BeverageBuyer-teaserBeverage manufacturers recognize that having diversity in their offering is critical and the same is true for convenience store operators, who want to keep customers coming back for more.

“Culturally, we’ve become so accustomed to having more choices than ever and from a consumer’s standpoint, beverages are low investment, low commitment,” explained Satoru Wakeshima, chief engagement officer at New York-based branding agency CBX. “It’s not a major decision and people like to try new things.”

Wakeshima predicts 2019 will see more of the rising beverage trends and new product explosion seen in 2017 and 2018, but with greater blurring of product types — more hybrids.

“Our expectations are higher than ever, and the bar continues to rise,” he said.

How can convenience store operators manage the packaged beverages category in a way that capitalizes on new and emerging opportunities, but maintains efficiency?

Beverage experts, offer the following tips:

1. Allocate intelligently

Because the category cannot expand infinitely, especially within the limited confines of the convenience store format, space needs to be allocated intelligently, which includes scaling back in some areas. It’s a simple concept that is not always executed.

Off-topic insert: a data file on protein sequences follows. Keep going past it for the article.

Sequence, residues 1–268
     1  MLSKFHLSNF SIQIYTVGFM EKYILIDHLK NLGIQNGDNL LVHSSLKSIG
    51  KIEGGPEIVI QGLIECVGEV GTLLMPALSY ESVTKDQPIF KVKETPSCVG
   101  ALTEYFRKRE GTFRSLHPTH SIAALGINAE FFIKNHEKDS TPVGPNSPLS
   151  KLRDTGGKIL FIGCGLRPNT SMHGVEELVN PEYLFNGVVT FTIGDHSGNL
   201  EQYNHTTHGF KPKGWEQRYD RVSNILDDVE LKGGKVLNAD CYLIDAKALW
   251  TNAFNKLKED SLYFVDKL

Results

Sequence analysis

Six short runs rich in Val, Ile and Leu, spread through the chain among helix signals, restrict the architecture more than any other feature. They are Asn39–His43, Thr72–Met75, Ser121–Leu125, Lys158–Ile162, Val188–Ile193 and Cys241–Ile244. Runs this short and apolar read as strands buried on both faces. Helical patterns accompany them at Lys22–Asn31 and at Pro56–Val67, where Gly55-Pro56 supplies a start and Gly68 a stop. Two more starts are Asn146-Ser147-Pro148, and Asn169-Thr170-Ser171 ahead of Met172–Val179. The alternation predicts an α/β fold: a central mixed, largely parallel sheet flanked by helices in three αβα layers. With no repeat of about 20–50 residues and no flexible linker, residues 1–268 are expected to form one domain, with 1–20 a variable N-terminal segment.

“Reducing space for declining or slow-moving segments to make room for innovative or higher-velocity segments that attract shoppers to the store is the key to success,” says Peter Keaney, business analyst at Cadent Consulting Group. An example would be to reduce space for milk, where sales have been declining, to make space for more sparkling waters.

2. Rotate offerings with marketing support

“People want to discover new beverages, but they also want to be reassured that they’re making a good choice,” said Wakeshima. “Educating customers at retail, mobile or online to aid the deselection process becomes the expectation.”

3. Think like consumers

Thinking like consumers means in terms of “need states” rather than subcategories, as this is how consumers shop, according to Keaney. Moving forward, the plethora of packaged beverage options could be rearranged in the cooler by needs.

The NPD Group has identified four macro consumer needs: fueling, wellness, connecting and gratifying.

The NPD Group has identified four macro consumer needs: fueling, wellness, connecting and gratifying. These fundamental needs can then be broken down into more specific behaviors, known as need states. Examples of need states under fueling include “easy on-the-go” and “staying awake.” Meanwhile, need states under gratifying include “nostalgic drinks” and “morning drink favorites.”

4. Keep abreast of beverage trends

In addition to staying on top of the latest packaged beverage trends, retailers also should watch what’s trending outside the category, since trends often spill from one category into another eventually.

The fastest-growing packaged beverage segments currently are sparkling water, energy drinks and RTD coffee, all which are up by double-digits recently, according to Keaney.

Still and sparkling water continue to be big as consumers seek alternatives to carbonated soft drinks, he added. “In addition, plant-based and probiotic beverages are driving sales, as well as functional beverages and innovations like nitro cold brewed coffee. We’ll have to see how high CBD-infused beverages can fly.”

Originally published at Convenience Store News.